This photograph of Kemper was taken not too long ago at Big Talbot Island. He is in his element among the low-lying branches of the fallen live oak (Quercus Virginiana). Kemp is ever-cautious, and consequently has not broken any bones (so far). Even convincing him to climb the trunk, no more than four feet off the ground, took some coaxing. I am fine with his wariness of danger. It would have served me well as a child, who, by his age, had already broken both wrists and a couple of toes.
Despite his cautious nature, he is impulsive and fiery. His temper burns hot, though it is extinguished quickly with proper redirection. This has caused great consternation at school, where someone will call him a name, and he will explode momentarily. In that instant, he cannot control himself. I was not as impulsive as a child, though as an adult, I find myself irrationally upset at times, which quickly cools. I cannot help but think that he has seen me in such moments of weakness, where my sarcasm and passive aggression come through in full technicolor. I hate that he has witnessed this, and since his temper has blossomed at school, I have made every effort I can to dull my own temper — especially around him.
He is a sweet child, and wants nothing more than to make those around him smile or laugh. His intelligence is off the charts, but his emotional maturity lags behind significantly. Eventually this, too, will catch up (though I admit, I am waiting for my emotional maturity to catch up even at age 34). By every account, we are good parents, and he is a good kid. Nevertheless, since he returned from Christmas break, he has been sent to the principal’s office nearly every day by his young teacher, who appears incapable of managing his behavioral outbursts. He sees no point in doing the multitude of worksheets, on subjects that he has known since he was three or four, and he is overwhelmingly bored.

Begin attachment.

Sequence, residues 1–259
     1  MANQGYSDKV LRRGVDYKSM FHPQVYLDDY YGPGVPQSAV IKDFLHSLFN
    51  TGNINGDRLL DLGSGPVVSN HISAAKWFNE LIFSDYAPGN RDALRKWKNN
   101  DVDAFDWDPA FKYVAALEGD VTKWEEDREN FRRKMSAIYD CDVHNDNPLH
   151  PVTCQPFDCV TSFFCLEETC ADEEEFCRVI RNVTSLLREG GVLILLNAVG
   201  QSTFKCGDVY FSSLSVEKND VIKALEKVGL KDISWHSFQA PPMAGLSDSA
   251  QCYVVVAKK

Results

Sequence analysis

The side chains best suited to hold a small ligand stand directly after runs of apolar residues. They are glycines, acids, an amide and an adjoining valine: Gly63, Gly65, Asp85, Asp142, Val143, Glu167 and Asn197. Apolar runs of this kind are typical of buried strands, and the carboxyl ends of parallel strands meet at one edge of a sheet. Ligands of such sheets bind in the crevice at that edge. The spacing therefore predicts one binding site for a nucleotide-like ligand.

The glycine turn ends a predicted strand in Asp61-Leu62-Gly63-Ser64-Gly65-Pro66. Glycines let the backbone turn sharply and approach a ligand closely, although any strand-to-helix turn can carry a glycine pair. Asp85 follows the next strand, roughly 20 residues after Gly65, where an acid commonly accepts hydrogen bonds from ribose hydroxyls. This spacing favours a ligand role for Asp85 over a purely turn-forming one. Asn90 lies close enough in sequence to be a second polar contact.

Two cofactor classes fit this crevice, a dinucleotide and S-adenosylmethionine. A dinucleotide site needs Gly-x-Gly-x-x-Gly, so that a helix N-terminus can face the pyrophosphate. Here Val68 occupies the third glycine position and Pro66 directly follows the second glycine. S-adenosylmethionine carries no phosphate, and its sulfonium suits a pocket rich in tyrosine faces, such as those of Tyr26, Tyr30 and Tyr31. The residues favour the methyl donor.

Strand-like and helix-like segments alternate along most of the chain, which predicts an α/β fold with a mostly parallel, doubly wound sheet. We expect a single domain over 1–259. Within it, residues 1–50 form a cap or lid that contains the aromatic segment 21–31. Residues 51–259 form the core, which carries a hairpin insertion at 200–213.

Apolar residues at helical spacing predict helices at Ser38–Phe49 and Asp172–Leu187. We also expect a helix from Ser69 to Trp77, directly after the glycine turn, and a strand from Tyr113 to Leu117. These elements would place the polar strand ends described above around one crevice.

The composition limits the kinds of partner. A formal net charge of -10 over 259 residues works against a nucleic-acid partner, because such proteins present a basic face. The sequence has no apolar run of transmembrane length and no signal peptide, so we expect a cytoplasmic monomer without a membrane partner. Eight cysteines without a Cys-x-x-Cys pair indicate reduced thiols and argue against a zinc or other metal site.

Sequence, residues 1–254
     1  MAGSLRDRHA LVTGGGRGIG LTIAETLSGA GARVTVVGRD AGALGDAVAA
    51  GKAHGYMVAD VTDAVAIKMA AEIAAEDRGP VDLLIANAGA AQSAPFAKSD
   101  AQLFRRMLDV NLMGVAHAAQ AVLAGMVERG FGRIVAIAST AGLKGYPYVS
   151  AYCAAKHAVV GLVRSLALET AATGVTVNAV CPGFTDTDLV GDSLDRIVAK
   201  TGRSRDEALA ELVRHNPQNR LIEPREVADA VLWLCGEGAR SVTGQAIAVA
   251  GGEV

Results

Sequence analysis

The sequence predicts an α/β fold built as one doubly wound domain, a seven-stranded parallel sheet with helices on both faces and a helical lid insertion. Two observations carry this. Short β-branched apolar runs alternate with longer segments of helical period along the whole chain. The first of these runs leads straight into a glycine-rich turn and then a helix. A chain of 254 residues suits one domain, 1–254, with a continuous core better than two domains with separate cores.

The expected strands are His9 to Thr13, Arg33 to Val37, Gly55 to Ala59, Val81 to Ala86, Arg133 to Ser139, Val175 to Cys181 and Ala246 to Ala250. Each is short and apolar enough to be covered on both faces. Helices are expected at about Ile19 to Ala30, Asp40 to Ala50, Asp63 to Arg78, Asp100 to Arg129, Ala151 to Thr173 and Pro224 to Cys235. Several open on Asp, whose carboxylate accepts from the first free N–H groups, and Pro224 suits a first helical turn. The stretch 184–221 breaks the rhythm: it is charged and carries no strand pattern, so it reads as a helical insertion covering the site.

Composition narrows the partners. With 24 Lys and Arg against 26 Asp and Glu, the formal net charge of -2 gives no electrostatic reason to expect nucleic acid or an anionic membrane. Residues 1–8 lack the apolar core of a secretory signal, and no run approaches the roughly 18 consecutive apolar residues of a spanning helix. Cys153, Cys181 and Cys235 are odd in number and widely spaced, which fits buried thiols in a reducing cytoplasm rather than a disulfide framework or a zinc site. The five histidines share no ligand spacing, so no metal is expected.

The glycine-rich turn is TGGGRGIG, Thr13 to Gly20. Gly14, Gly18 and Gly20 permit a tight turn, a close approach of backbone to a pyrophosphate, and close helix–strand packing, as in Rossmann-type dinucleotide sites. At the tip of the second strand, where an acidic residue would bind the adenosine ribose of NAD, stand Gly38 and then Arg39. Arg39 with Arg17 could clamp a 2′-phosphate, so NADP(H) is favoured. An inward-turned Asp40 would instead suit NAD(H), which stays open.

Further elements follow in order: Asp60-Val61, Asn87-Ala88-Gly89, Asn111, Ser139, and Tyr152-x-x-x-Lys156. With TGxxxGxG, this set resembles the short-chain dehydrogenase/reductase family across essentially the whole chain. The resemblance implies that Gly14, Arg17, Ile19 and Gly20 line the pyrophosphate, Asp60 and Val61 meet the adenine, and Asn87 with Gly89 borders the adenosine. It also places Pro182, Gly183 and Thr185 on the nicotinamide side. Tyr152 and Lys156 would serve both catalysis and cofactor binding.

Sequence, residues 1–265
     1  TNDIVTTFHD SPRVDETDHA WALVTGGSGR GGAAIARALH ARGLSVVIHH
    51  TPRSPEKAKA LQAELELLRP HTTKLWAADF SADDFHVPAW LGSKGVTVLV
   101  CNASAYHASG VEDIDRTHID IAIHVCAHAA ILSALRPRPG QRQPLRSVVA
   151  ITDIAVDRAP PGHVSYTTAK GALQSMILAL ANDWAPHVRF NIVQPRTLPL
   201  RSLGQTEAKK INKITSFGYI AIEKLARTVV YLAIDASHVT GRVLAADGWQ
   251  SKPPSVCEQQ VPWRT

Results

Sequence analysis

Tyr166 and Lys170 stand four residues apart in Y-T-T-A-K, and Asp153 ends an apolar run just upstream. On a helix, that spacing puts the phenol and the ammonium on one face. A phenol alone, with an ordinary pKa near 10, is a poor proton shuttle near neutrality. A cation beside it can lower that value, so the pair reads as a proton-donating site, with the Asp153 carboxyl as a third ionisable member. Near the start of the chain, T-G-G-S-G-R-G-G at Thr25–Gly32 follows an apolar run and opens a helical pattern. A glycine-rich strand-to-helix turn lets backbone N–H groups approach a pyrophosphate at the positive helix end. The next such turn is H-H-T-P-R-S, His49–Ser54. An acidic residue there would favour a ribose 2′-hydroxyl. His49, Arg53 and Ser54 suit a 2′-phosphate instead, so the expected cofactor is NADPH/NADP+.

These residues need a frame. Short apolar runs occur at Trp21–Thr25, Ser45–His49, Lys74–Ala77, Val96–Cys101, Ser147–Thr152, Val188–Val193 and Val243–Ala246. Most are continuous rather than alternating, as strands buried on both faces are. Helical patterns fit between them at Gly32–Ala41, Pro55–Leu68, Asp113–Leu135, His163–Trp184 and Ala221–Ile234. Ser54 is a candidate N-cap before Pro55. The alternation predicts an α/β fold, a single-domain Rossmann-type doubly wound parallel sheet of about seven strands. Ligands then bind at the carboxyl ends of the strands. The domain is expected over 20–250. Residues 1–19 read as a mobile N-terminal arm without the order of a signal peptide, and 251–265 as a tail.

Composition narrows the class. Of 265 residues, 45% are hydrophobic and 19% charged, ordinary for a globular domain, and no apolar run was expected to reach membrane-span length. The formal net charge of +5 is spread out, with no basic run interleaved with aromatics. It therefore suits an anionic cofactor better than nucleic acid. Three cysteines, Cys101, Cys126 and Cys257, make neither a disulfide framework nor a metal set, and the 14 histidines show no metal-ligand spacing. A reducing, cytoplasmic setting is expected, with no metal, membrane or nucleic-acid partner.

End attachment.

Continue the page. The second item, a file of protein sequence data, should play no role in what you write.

We have sat down with the principal, assistant principal, grade level chair, and his teacher, but the conflict between Kemper and his teacher persists. Anna, especially, is questioning our decision to place him at this particular school, which is, admittedly, rigid in its principles. Her years of training as a behavior specialist gives her great insight into how to manage children with his unique blend of intelligence and immaturity, which makes it all the more difficult to see him go unmanaged and unmotivated. This, too, shall pass, and we may move him before the school year is up. For now, we will provide him the positive reinforcement that he so thrives upon, and continue to embrace his unique personality. I will continue to bring him to Big Talbot, where he has begun to climb the trees with less and less coaxing, and I will pick him up when he inevitably falls.
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